Franklin County Clerk Tim Baker says voting procedures and polling places will have a different look for the indefinite future.
In March, Missouri Gov. Mike Parson moved the April 7 municipal elections to June 2 due to the COVID-19 pandemic, which at that time was just beginning to ramp up across the state and in Franklin County.
Now, as the state prepares to reopen on May 4, questions still swirl regarding a second wave of cases and if residents will venture out of exile even if they are allowed to.
In the midst of the crisis, many groups have called for mail-in voting to compensate for shelter-in-place orders, restrictions on public gatherings, or just public contact in general.
Baker says there will not be mail-in voting in Franklin County and his staff is doing everything in its power to make voting safe for residents.
“I am 100 percent in favor of paper ballot, go to the ballot box to vote,” Baker said. “I think people personally take pride in casting their ballots. It’s like getting their driver’s license for the first time.”
Baker did relent somewhat by saying he is in favor of the no excuse absentee ballots.
“I’ve said 1,000 times it’s important to go out and physically place that ballot.” Baker said. “But, if someone is willing to come into my office and cast an absentee ballot, who am I to question their reasons.”
Franklin County successfully held a mail-in election last fall, which Baker deemed a success, but voter response was low even though it was a very specific group of residents affected.
Residents in the small sewer district near Catawissa voted on a tax levy increase strictly by mail to address the pressing need for repairs on the sewer system’s lagoons that couldn’t be put on hold until April 7.
Baker said of the 134 ballots mailed out, 60 were returned and the tax increase passed by a 52 to 8 margin and needed only a simple majority to pass.
“The voter turnout was 44.7 percent,” Baker said. “We were able to do the mail-in election for just under $800 instead of it costing the sewer district almost $3,000.”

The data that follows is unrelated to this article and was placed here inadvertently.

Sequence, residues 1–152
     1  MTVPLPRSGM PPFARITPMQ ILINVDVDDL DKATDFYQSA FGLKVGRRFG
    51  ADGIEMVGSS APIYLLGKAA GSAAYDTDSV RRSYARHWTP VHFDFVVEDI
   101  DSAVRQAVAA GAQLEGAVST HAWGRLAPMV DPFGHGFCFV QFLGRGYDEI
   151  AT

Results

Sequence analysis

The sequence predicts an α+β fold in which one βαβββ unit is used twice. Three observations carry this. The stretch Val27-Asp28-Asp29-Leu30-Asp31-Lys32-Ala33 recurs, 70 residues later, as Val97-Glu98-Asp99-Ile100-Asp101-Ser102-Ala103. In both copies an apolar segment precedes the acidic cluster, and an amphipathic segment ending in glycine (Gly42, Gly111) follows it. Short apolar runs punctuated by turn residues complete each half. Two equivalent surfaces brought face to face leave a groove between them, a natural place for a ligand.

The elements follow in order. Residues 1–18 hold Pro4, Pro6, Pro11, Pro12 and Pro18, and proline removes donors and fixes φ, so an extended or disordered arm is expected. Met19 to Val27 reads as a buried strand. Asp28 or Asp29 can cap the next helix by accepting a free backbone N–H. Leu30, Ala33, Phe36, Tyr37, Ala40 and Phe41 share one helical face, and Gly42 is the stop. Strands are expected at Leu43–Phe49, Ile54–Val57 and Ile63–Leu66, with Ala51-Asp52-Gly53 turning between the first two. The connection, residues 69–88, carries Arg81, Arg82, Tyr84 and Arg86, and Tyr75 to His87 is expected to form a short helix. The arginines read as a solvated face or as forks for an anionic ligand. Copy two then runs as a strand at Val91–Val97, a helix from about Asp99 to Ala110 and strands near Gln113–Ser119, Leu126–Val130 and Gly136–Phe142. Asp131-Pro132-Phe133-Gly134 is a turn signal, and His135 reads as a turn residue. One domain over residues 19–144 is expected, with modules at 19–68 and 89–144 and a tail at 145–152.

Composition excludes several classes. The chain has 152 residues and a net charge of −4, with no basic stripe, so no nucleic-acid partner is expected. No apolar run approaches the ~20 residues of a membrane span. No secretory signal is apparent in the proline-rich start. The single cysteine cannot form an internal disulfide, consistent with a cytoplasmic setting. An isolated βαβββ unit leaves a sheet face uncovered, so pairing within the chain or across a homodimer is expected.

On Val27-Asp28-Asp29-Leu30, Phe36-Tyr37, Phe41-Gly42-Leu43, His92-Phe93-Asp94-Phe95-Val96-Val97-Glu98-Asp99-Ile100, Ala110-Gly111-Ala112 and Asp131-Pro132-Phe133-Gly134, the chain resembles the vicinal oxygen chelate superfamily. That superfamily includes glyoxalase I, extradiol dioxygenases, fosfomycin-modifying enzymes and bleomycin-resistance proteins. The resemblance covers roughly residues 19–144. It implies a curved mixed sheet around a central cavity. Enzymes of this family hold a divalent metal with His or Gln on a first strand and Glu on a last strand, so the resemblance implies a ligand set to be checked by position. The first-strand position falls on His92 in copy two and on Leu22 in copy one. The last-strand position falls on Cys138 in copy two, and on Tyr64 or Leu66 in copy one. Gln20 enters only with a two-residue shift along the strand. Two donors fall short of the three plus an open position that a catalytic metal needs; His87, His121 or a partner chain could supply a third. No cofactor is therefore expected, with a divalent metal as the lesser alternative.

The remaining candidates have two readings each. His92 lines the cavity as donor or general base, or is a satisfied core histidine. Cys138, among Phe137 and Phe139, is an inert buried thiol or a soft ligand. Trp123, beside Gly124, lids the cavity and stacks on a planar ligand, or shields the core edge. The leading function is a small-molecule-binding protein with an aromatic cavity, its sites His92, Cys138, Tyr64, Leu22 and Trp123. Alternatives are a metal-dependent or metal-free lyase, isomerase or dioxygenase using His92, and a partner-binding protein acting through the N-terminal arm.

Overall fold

In that case, the mail-in election saved the county and the sewer district money, but Baker says that would not be the case on a larger scale.
In addition to being against mail-in voting on principal, the clerk explained the added costs to the county would more than double that of a normal election.
“A regular election usually costs the county between $170,000 and $180,000,” Baker said. The cost just to mail all of the ballots out would increase it to between $225,000 and $250,000. Add to that staff costs and it would easily be a $400,000 to $500,000 election.”
Even if most restrictions are expected to be lifted by June 2, it is unclear if residents will come out to vote, especially in a historically low turnout yearly election.
“This really isn’t the election to make that determination,” Baker said. “We will know more about turnout in the August and November elections, but I really can’t predict that far out.”
Since 2014, voter turnout in April elections have averaged 16.8 percent. The highest turnout was 2016 when 14,675 ballots were cast and the lowest turnout on election day was 2014 when only 8,855 people voted.
In an effort to reassure voters of their safety June 2, all 42 county polling places will be open and all staff will be wearing gloves and masks.
Last week the clerk’s office began seeking bids for plastic barriers to be installed between voters and the election judges and once in place they will be a permanent fixture.
“The best way to describe them are like a sneeze guard at a buffet,” Baker said. “This is not going to be a one-time thing, use them once and throw them away.”
Hand sanitizer and disinfecting wipes are being provided for voters and staff as another line of precautions.
Baker added a meeting was held recently with election judges to update them on the new procedures and they all seemed receptive.